Therefore, other things being equal, a higher option price forecasts greater volatility. Consequently, the price of options can be used as a measure of the implied market volatility 

□ The Volatility Index: » www.cboe.com/VIX | □ The Skew Index: » www.cboe.com/Skew

 

Web Tools

There are a lot of web tools that can be used for measuring volatility:

» https://www.mataf.net/en/forex/tools/volatility

» http://www.myfxbook.com/forex-market/volatility

 

Volatility Can be Good or Bad News Based on the Instrument you Trade and Your Strategy

Volatility can be good or bad depending on the strategy you implement

For a Forex day trader, high volatility is very crucial in order for the currency pair to produce enough movement in the same day. By this way, the trader can profit from substantial intraday price swings. Remember that day traders do not maintain their positions overnight and therefore trading low-volatility assets probably means that they will just have to pay commissions and spreads without any good results.

For a carry trader or a long-term trader, volatility is bad news. Carry traders are trying to profit from the interest-rate differentials and they are not in the mood of being stopped out due to extreme volatility. Long-term traders, on the other hand, trade based on fundamentals and high volatility for them is just an additional risk that they are unwilling to take.

Volatility can be good or bad depending on the financial instrument you trade

For example:

(i) If you buy a CFD on Gold by placing a near stop-loss order (30-50 pips), volatility is very bad news. Most probably your position will be lost as the volatile Gold will reach your stop-loss level several times in the same day.

(ii) If you buy the same instrument (Gold) by using an Option Contract, volatility is very good news. This is happening as the higher the volatility of the underlying instrument, the more valuable an option contract. As there is a greater probability that the option may expire in-the-money, at the end of its maturity.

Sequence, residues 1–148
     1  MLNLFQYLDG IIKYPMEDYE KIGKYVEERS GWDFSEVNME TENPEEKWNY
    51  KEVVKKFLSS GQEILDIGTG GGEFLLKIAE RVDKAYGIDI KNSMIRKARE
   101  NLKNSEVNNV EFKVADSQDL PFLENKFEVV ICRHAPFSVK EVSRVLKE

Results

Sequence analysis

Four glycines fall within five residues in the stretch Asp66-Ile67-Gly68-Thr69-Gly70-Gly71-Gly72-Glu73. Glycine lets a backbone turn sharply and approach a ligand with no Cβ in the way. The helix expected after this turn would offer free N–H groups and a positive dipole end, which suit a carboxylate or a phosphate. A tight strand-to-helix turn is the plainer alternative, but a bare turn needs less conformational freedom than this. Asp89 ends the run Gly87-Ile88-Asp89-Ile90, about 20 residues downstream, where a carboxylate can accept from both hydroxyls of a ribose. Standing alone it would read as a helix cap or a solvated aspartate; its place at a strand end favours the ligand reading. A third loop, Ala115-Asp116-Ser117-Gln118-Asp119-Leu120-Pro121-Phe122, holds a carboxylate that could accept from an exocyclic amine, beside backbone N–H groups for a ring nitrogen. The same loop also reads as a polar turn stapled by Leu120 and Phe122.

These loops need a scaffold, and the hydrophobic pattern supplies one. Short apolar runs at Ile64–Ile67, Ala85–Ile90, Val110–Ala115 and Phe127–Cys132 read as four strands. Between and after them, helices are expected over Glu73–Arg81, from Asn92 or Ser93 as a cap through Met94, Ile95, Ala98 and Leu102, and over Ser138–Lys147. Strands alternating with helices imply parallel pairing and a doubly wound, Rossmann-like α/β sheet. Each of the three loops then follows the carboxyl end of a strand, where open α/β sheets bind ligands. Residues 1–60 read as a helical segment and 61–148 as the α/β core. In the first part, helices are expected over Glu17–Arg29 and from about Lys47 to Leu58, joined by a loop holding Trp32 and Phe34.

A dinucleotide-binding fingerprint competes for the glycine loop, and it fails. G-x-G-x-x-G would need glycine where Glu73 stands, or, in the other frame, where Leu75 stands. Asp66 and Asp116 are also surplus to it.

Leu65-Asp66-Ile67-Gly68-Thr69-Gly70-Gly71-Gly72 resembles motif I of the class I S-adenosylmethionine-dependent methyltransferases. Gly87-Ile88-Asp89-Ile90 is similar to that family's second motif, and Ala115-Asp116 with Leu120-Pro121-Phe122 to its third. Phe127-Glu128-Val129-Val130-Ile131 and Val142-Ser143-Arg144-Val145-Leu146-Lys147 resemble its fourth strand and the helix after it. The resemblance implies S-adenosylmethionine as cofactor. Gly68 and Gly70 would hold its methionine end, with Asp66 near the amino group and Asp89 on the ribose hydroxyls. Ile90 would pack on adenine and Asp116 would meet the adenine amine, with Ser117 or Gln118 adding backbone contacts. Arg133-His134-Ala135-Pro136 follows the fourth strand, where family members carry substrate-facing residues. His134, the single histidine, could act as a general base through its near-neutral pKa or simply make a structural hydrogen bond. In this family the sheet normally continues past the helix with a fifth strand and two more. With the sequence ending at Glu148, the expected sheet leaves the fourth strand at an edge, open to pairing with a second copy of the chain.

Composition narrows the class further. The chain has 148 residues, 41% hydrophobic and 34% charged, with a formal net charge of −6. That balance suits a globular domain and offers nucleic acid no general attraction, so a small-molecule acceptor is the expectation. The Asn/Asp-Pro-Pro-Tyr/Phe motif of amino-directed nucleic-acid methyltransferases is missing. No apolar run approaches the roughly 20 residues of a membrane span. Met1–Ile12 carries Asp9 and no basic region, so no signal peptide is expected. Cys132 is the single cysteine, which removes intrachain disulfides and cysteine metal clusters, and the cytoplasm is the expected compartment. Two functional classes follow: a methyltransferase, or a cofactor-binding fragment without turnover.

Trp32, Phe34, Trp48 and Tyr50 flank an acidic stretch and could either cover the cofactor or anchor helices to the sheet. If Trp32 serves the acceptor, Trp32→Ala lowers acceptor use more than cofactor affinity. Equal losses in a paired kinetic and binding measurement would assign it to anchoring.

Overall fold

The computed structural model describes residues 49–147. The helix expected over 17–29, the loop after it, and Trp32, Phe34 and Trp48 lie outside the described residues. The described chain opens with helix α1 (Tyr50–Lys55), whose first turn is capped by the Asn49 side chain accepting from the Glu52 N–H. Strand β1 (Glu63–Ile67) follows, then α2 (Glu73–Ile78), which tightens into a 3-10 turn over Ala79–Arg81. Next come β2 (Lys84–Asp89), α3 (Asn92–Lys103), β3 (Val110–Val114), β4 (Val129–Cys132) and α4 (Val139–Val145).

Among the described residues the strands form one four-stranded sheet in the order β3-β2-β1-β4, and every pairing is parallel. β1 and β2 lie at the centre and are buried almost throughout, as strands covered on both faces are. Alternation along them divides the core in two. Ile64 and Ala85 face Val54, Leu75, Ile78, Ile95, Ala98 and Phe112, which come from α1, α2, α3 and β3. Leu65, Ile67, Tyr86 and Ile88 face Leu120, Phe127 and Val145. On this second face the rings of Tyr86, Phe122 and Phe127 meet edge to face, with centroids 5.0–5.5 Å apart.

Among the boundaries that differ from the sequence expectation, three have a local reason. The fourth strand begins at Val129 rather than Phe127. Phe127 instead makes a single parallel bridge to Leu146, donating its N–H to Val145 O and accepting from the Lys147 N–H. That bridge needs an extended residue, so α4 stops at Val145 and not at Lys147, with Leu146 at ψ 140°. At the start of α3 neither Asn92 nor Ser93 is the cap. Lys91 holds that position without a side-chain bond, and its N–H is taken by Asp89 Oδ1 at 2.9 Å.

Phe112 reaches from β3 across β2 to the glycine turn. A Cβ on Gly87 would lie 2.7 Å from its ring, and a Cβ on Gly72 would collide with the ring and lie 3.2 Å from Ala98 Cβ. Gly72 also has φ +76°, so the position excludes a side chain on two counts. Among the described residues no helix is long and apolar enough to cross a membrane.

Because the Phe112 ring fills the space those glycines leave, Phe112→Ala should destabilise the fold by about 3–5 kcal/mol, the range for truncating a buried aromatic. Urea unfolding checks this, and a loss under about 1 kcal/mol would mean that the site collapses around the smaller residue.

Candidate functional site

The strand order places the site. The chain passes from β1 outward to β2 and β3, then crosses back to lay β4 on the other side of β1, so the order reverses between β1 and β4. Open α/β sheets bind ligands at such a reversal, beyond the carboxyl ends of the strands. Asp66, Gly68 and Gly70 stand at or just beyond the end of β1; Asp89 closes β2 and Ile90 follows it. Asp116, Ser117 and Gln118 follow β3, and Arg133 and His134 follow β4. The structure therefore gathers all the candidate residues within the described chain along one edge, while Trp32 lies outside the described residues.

■ The greater the options volatility → the greater the options value

■ Volatility is very important for deep out-of-the-money options

This case was briefly explained before in the section “The CBOE Volatility Indexes (VIX & Skew Index)”.

 

Basic Conclusions on Market Volatility

Historically, stock market volatility and financial crisis go hand-in-hand. That is why most investors see volatility synonymous to losing money. This is may be true when you are trading stocks or indices, but when you are trading Forex or Commodities volatility is sometimes bad and sometimes good.

Volatility is good or bad news based on:

(i) Your strategy, and the timeframe you trade

(ii) The financial instrument you trade (Forex, CFDs, Options)

(iii) The financial classes you trade (currencies, commodities, stocks, indices)

A Forex trader who implements an intraday strategy needs volatility in order to make money. As his positions will be closed overnight, high volatility will allow him to profit from intraday price swings.

On the other hand, a Forex trader who implements a swing support/resistance strategy must avoid volatility. High volatility, in this case, incurs the risk of pushing the price below support or above resistance levels and being stopped out. Carry traders and long-term traders don’t like volatility as well, as they see market volatility as an unnecessary risk in their portfolio.

When breaking volatility in the three Forex sessions: the most volatile session is the European (especially as it ends), and the less volatile session is the Asian. Volatility in Forex peaks during the three Forex overlaps and especially during the London/New York overlap. This is because liquidity peaks as the two markets are opened together and usually when liquidity peaks, volatility peaks as well.

As concerns money management, there is a golden rule. Don’t ever overtrade high-volatile assets. Consider capital leverage as an accelerator of volatile positions. As a general rule:

When you trade high volatile assets → use low capital leverage and widen your stop-loss

When you trade low volatile assets → use higher capital leverage and cut your losses short

 

Decoding Market Volatility

By George M. Protonotarios, financial analyst, »George at Linkedin

December 2016 (c)